Lots of us in industry who are practicing User Experience have been embedded in social sciences for decades, required by the work.
It would great for us UX practitioners if more CS faculty joined us. We are waiting!
It is true that there have been an increased number of computing applications in our social lives--especially web applications and smartphone apps. However, this trend has not been limited to the social sciences or social aspects of our civilization. Digital transformation is happening in almost all disciplines and industries. Be careful that you are not falling victim to the availability bias. Congressional testimonies of tech CEOs are common in the news and this could lead some of us to believe that, there is a problem in computer science education. However, tech CEOs are not computer scientists, and if they were at one time they are definitely no longer in that role.
I agree with Jesse de Pagter. Non-CS disciplines need more courses about technology--especially politicians and business people. When the radio and television became popular, we didn't require physicists and electrical engineers to take more social science courses. We created new disciplines for broadcasting and media.
Outside of academia and in the IT industry, I've seen competent people with degrees in business, communications, or philosophy become mediocre business analysts (or product managers) because they lacked understanding of technology and software development. IT organization were complacent about this problem because the demand for IT workers was so high. Nowadays, there are plenty of certifications available for business analysis, product management, and project management. Similarly, I'd rather see a social sciences certification (or minor) than reducing the amount of CS in the core CS curriculum.
finance too needs social sciences doesn't it?
I stood in line to apply for Aeronautics Engineering degree in 1995, at a South Indian University and having noticed a mile long line in the counter next to me I wondered a bit and changed lines to apply, get admitted and graduate a Computer Science Engineering degree at age 21. And till I discovered economics as a subject in a pre-lude to my MBA ambitions at 27 I never could explain the sting I felt when the software I and my team members wrote was putting some well mannered and ultra kind middle age woman (mostly) in Tokyo's back office operations floor of a financial services firm.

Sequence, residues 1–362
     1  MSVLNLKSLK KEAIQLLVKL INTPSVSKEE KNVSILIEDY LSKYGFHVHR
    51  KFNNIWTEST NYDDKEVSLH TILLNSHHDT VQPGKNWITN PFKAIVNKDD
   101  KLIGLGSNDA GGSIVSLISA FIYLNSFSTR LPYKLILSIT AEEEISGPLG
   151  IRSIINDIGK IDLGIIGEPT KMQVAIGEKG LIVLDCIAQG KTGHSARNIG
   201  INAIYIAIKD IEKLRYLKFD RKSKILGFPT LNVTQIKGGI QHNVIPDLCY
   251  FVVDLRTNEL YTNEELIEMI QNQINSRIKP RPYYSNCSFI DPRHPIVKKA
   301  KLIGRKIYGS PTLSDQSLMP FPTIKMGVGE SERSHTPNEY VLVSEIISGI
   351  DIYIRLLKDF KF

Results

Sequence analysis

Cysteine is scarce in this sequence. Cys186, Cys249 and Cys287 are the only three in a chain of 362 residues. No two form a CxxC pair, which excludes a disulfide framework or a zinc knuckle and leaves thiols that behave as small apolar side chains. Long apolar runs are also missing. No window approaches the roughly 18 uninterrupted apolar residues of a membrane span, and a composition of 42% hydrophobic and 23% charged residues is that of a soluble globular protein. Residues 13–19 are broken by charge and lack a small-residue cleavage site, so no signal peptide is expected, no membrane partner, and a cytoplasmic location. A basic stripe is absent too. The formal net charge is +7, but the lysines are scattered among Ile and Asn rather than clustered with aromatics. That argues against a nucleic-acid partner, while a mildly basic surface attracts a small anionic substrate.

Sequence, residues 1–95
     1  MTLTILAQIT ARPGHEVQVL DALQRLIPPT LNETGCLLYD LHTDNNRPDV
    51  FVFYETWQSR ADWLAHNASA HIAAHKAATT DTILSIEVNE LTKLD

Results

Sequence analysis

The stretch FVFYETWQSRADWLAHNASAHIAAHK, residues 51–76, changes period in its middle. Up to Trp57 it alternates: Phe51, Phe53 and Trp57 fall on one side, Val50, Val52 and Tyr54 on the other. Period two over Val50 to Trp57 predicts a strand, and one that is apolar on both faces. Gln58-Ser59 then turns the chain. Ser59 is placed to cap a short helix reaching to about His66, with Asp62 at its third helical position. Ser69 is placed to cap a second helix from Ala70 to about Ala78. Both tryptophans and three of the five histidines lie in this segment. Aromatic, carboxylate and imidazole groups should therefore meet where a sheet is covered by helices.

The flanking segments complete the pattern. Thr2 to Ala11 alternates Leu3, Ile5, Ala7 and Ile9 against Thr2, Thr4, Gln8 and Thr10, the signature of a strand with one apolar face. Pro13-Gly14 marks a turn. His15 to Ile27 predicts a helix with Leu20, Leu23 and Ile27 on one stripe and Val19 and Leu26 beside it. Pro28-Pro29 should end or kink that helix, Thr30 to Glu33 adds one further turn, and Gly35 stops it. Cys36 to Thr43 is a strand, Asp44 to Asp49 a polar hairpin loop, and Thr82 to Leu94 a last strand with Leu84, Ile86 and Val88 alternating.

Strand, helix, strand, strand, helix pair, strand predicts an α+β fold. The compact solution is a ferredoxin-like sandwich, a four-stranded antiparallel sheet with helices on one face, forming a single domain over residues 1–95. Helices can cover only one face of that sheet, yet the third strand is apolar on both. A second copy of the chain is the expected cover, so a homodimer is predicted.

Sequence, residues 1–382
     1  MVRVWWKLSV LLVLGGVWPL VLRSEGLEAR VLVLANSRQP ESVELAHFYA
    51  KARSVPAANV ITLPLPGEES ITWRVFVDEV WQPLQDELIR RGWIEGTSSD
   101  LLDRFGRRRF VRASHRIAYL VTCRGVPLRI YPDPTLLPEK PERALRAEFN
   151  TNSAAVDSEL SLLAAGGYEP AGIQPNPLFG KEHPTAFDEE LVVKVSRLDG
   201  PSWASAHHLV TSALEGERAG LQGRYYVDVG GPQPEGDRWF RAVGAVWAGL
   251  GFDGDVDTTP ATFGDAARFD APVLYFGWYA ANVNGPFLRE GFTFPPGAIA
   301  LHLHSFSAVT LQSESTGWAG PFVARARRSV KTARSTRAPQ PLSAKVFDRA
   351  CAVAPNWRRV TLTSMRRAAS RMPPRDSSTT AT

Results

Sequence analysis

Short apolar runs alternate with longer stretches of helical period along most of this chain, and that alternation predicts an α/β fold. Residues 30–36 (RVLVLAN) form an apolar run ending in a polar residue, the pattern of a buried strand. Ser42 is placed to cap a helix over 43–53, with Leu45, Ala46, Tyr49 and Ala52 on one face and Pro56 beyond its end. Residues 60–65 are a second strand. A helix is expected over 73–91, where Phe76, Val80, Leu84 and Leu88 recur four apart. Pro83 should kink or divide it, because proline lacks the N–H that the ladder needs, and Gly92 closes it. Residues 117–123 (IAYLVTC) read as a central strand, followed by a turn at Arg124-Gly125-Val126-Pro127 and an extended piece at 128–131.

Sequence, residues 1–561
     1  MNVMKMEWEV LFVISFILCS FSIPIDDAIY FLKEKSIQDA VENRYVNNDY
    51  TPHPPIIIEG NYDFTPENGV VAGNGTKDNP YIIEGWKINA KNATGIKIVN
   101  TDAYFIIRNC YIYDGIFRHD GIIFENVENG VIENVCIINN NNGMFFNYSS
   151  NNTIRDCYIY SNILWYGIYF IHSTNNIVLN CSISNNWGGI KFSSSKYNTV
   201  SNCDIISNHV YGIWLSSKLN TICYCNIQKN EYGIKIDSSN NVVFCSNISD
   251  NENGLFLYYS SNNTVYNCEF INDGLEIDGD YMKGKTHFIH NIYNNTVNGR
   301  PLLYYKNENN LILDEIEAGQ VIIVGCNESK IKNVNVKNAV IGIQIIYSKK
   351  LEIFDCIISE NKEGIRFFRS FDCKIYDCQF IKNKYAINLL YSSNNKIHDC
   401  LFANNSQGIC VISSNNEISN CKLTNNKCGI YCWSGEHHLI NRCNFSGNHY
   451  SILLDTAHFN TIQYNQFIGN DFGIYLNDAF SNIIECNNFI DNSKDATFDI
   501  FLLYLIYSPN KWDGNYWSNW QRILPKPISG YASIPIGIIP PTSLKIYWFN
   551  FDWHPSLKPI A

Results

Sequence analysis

That context was needed to bring me to my question -
DCF analysis - the holy grail (besides Black Scholes maybe) of much of finance (or excel based work in many mainstream finance till machines/HFT etc took over) has an assumptions sheet that serves as a pillar to pretty much every model ever built. These assumptions are drawn upon from various facets of life aka in my humble opinion social sciences.
So doesn't finance needs more social sciences?
While I more than agree and believe in the core argument of the author that more needs to be done in educating those who design the algorithms that are now turning to impact, control parts of economy governance, politics and society at large, wasn't that true at all times and disciplines?
So where does that leave us with the - educate the young more or educate to be all rounded - in an overworked school system that insists on teaching everyone everything through a cirrculum and means set ages ago and insisted on being ground into over a really really long time (age 6-18) as a minimum mandatory?
my guess is that nothing short of an education system redo right from kindergarten will address the current or near future needs let alone an economy where bi-ped humanoids and quantum computers will eat away more jobs than we can create as they change the fundamentals of labor market where we, humans, spend 18 years to add one more 'human resource' to the market while a machine (human like or more intelligent!) can be made by a 'copy paste' in an instant adding the same 'resource' to the market.
while we can't teach everything to everyone but as we try and do teach much to many we do need our laws to catchup with our tech aka get more computer science into social sciences into everything rather as computing or rather information processing is what we humans did/do as we turned to thought.
we just need to realize that we are replicating that very thought now, outside our bodies and at a scale unimaginable biologically.